Foils & DIY Hair Color Dye

Brown hair with foils
Photo: Koldunov/Shutterstock
Q: My natural hair color is a medium to dark brown. I also have a lot of thick, blonde and caramel colored foils, in my hair. I think my hairdresser has also toned down my hair, so my blonde foils are very light. At the moment it is costing me too much to continue getting foils because my hair grows very fast which means I always get really bad medium brown regrowth over my blonde foils.
I want the natural colored brown I have in my hair at the moment to be a darker brown. If I dye my hair a darker brown using a DIY hair color dye box would this make my foils go orange underneath or would my hair turn dark brown completely and fade my foils altogether? I don't really care if the foils fade completely under the darker brown dye, I am just curious as to weather they will turn orange underneath?

A: Unwanted color results are a problem women often encounter when they follow salon procedures with DIY hair processes. Sometimes, a simple attempt to save some money turns into an unfortunate incident, when the color used at home reacts badly with the color you already have. The end result is that you can find yourself back in the salon anyway for a color correction service.
With your hair color as described, the hair that I would be most worried about would be the light blonde highlights. Most home hair color kits don’t offer much information regarding the base colors used in the color formulas. If any of your hair is going to have an unwanted reaction with the dark brown home color, it will be this blonde, but that’s not guaranteed.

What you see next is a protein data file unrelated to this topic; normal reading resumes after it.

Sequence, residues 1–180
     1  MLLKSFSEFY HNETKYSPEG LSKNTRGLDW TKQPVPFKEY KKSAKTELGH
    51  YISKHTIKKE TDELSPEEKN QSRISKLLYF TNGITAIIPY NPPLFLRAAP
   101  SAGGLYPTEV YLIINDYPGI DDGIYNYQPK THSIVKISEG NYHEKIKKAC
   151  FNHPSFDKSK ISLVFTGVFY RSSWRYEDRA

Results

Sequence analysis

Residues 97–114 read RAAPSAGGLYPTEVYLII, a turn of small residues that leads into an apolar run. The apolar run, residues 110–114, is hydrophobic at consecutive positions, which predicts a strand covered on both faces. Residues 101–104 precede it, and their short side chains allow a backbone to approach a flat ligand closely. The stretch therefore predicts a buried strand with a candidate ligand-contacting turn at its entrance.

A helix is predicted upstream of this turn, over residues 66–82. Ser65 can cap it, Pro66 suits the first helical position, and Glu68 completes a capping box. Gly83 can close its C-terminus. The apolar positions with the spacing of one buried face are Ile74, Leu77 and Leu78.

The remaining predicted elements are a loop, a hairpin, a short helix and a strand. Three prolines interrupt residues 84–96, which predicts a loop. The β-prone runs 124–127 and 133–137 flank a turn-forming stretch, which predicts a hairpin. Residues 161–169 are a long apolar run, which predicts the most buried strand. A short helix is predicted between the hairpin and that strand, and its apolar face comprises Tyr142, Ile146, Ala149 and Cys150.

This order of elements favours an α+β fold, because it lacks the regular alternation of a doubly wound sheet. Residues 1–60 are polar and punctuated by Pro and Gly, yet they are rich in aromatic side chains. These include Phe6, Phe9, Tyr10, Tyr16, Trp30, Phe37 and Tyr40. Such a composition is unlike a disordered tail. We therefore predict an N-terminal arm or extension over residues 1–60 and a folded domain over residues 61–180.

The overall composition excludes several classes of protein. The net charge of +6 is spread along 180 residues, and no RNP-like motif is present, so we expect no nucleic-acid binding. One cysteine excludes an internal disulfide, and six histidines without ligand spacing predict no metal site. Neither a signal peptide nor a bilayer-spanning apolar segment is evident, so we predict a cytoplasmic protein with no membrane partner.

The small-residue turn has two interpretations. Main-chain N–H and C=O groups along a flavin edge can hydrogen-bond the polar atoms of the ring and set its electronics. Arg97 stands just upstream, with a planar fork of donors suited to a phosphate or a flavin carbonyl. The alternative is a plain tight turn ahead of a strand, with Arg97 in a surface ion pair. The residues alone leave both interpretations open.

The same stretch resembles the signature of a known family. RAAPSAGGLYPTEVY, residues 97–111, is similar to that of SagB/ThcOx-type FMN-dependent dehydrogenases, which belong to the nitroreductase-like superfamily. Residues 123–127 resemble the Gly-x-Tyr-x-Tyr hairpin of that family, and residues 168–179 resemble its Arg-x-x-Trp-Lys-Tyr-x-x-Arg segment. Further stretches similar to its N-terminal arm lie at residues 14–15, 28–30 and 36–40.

I can’t say whether or not you’ll get an orange tint, because I don’t know the exact color you’re using, nor do I know the exact shade of the highlights you have.
What you need to do is be prepared to do a color correction if you do end up with an overly orange tint on the blonde segments of your hair. For this, you’ll need to visit your beauty supply store (not the supermarket or department store) to get a level 3 or 4 hair color with a blue color base, and some 20-volume cream developer. (You’ll also want to have gloves, and a color bottle or mixing bowl and brush.)
Just remember this is only if you get an unwanted ORANGE tint to the hair. Mix one ounce of the color with one ounce of the 20-volume developer, then add 2 ounces of your favorite conditioner and mix thoroughly. Apply this mix to your hair and cover with a plastic cap. Leave it on for 10 minutes then rinse thoroughly with warm water. This should tone down the orange tint and only use half of the color.
If the hair is still too orange, you can repeat the process a second time.
See also:
Basic hair coloring information
Hair color level and peroxide developer
Hair color correction
The base color of hair coloring products